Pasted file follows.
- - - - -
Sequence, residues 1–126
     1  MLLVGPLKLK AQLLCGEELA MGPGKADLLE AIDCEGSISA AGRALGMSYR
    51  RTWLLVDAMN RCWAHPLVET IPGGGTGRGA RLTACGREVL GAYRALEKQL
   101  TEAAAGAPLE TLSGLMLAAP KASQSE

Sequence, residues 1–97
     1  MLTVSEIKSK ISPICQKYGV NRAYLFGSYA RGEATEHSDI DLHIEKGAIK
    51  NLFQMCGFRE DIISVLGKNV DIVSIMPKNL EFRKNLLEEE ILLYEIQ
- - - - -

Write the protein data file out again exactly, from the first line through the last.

Sequence, residues 1–126
     1  MLLVGPLKLK AQLLCGEELA MGPGKADLLE AIDCEGSISA AGRALGMSYR
    51  RTWLLVDAMN RCWAHPLVET IPGGGTGRGA RLTACGREVL GAYRALEKQL
   101  TEAAAGAPLE TLSGLMLAAP KASQSE

Sequence, residues 1–97
     1  MLTVSEIKSK ISPICQKYGV NRAYLFGSYA RGEATEHSDI DLHIEKGAIK
    51  NLFQMCGFRE DIISVLGKNV DIVSIMPKNL EFRKNLLEEE ILLYEIQ